By Ahsan Waheed
The sight of a federal cabinet minister sobbing as she tendered her resignation to a visibly astonished Prime Minister was unnerving to say the least. Her sobs turned into smiles when her resignation was rejected and promises made to take care of her concerns. Of course while sobbing and resigning she had been careful to stress her confidence in the visionary leadership of the Prime Minister and ‘ownership of the President’—whatever that means. This inevitably led to the view that the sobs for her job were of the crocodile variety and the lingering impression was that the whole thing had been most demeaning and undignified. A storm in a teacup if ever there was one but it did provide comic relief because the minister is already the favorite of all stand-up comedians and the butt of many jokes.
Backtracking reached new heights when the Prime Minister clarified that his earlier remarks about a ‘state within a state’ etc were not about the military at all but were aimed at the Federal secretary of Defense who had truthfully told the Supreme Court that the ISI and Army were not operating under the Ministry of Defense probably because the Defense Minister had never ever visited military headquarters or the troops on the western border or anywhere else for that matter. Nor was he ever part of the meetings between the Prime Minister and Service Chiefs or the ISI Chief and nor had he ever chaired a Defense Council meeting in the Ministry. The Secretary Defense, a highly regarded retired three star, is still in place and without him there the Ministry would be as dead as the Dodo. The Prime Minister added that he was ‘happy’ with the Army Chief, that he had given extensions in service to the Army Chief and the ISI boss and that the talk about sacking them was so much foolishness. He carefully avoided any clarification on his pathetic comment on the visa to OBL and the equally inane remark about raising the salaries of armed forces personnel. That his clarifications came after a most mature and responsible response to his earlier immature provocations explained everything. Some Prime Ministers need to stick to a prepared text otherwise they end up sticking their neck out-a most unwise act.
The media and all the wise men of Gotham who people it are going purple in the face talking about the ‘civil-military confrontation’ that they think is at its peak. They foresee dire consequences in spite of the fact that the Army has publicly stated that they will not do anything to derail democracy; the Supreme Court has said that they will not countenance any unconstitutional act and the entire political structure has ruled out any return to military intervention. The basis for the ‘confrontation’ idea is the response by the military and the government to the Supreme Court on the infamous ‘memo’ issue—the government says it is a non-issue while the military wants it investigated. You do not get an ambassador to resign and ask a parliamentary committee to investigate a non-issue. In any case instead of bleating about a civil-military confrontation the sensible option is to wait for the Supreme Courts verdict and the report by the parliamentary committee. Political leaders feel muscular and macho when they can publicly criticize the military or ask for resignations or target their own military institution in other ways. Besides parliamentary resolutions the military needs to be given a strategic directive on which to base military strategy and the Ministry that is to oversee the military should be made functional and competent. Civilian supremacy will kick in when the government has credibility and capacity to govern.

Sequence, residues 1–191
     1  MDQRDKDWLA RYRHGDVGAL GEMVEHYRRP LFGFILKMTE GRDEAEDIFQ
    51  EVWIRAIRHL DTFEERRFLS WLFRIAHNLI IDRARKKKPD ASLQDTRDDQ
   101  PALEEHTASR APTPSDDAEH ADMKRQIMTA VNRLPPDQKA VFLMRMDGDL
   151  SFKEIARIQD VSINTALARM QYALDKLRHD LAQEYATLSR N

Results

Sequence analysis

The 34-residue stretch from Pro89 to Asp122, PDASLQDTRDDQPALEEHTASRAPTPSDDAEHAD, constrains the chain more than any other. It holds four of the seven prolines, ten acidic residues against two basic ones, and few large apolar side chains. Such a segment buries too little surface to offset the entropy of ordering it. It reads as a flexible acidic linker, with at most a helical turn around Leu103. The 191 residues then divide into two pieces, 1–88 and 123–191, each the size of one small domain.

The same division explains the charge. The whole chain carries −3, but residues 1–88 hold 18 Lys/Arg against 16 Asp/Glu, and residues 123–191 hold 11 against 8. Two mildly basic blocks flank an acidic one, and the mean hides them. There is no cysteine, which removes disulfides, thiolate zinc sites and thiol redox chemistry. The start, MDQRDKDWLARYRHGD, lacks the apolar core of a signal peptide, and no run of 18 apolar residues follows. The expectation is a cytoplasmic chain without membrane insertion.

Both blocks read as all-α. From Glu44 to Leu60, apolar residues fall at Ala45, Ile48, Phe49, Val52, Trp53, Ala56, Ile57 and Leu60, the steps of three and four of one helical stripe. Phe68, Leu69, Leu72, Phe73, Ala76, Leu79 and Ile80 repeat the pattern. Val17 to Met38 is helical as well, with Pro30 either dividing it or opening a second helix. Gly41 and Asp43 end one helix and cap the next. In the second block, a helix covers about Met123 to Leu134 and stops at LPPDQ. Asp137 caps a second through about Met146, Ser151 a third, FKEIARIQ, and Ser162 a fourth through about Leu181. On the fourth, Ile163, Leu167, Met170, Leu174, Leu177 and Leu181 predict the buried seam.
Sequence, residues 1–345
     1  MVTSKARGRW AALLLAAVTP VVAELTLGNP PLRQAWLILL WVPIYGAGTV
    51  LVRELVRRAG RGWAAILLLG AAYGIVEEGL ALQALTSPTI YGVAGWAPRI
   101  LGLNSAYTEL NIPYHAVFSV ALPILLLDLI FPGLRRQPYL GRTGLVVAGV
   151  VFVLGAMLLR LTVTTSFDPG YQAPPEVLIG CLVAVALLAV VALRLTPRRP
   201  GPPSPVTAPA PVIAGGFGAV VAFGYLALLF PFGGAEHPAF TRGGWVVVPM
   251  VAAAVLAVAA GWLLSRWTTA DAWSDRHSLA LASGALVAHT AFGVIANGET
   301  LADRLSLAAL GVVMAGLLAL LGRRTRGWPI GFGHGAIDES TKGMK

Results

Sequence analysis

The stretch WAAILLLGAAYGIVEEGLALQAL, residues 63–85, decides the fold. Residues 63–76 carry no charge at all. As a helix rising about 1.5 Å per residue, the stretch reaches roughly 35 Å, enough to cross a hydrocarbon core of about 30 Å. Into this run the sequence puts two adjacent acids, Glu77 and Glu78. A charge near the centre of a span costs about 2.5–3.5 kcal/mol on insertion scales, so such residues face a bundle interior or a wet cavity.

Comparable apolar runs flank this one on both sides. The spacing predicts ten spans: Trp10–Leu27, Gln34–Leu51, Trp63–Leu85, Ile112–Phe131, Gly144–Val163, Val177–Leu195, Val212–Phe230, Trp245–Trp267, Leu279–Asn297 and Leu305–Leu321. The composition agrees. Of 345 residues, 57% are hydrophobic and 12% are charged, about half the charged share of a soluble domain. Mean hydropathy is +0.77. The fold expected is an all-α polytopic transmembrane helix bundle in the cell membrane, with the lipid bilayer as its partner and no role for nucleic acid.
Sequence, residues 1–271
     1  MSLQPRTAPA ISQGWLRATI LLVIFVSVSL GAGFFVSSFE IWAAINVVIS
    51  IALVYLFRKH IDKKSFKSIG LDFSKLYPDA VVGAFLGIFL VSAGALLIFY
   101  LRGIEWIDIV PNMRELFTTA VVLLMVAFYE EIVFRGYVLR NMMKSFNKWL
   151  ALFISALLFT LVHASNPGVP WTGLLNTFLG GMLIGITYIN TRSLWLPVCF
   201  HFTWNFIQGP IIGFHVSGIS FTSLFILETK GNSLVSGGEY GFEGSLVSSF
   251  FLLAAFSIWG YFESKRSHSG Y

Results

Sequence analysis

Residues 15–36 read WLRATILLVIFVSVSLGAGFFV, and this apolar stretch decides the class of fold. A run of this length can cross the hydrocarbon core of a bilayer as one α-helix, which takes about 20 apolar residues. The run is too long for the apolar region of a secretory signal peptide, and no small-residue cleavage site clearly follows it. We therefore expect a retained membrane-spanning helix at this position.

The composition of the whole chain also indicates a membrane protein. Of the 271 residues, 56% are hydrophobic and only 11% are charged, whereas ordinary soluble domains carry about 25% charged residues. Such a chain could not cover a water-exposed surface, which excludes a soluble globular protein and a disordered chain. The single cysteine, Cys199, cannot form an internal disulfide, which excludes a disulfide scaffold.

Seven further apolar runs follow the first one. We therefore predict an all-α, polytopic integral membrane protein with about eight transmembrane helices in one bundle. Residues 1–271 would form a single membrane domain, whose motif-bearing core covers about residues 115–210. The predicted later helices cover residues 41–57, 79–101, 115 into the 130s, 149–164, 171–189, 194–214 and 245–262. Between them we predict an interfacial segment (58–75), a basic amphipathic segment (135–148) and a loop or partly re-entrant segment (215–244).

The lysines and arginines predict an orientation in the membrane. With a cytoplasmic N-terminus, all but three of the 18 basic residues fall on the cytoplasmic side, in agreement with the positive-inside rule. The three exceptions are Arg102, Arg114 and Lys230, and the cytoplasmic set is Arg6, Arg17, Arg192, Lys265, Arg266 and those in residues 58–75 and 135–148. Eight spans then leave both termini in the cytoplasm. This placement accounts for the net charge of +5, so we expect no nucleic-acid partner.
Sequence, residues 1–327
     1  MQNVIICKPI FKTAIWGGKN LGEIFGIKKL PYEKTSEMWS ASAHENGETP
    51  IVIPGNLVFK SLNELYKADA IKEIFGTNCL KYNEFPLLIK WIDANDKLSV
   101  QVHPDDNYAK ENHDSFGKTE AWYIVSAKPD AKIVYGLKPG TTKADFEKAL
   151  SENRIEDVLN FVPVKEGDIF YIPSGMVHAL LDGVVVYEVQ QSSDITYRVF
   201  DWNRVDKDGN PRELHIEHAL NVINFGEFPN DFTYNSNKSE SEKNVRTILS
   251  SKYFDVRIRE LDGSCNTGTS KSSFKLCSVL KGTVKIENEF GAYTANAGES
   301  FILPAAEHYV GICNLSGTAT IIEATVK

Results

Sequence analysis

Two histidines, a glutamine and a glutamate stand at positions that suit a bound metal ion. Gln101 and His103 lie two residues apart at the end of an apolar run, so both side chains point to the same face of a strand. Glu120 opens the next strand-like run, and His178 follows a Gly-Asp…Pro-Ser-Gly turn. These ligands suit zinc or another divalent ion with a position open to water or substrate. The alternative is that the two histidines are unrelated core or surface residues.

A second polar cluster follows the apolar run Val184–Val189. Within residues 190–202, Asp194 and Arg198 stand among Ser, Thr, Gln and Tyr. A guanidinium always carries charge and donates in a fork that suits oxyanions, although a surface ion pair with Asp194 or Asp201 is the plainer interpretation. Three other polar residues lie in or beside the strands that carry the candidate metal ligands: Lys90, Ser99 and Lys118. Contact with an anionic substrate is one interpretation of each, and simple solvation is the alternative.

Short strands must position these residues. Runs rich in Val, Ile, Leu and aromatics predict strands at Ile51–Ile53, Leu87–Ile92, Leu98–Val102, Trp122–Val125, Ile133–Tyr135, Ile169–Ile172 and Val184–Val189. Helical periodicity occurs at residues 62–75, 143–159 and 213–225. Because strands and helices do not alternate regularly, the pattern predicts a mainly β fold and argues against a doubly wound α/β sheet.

The ‘Imran phenomenon’ is thriving because it has targeted the people of Pakistan and is being seen as the vanguard of the change that they want. The people in Pakistan are the real Pakistan. Their aspirations, concerns and grievances are the only things that matter. Imran is talking to them and telling them that he will deliver what they want. They believe him. Unfortunately when faced by such reality his opponents can only come up with vague allegations of ‘establishment support’—they have no excuse for neglecting the people and not thinking beyond family and pelf. Imran is leading the charge and the buzz words are dynamism, change and a new order that will save Pakistan from itself. As he gains momentum and the people behind him swell to tidal proportions Imran will be able to confidently articulate the challenge of forging a new relationship with the US, of developing good bilateral relations with our neighbors India and Afghanistan and ensuring human security by combating radicalism and intolerance. Once he has the support of the people on these issues not only is he home free but he would have put Pakistan on the road to stability and economic prosperity. The talk in the US about a ‘curtailed relationship’ with Pakistan is premature and not fully thought out-it does not factor in what the real Pakistan wants.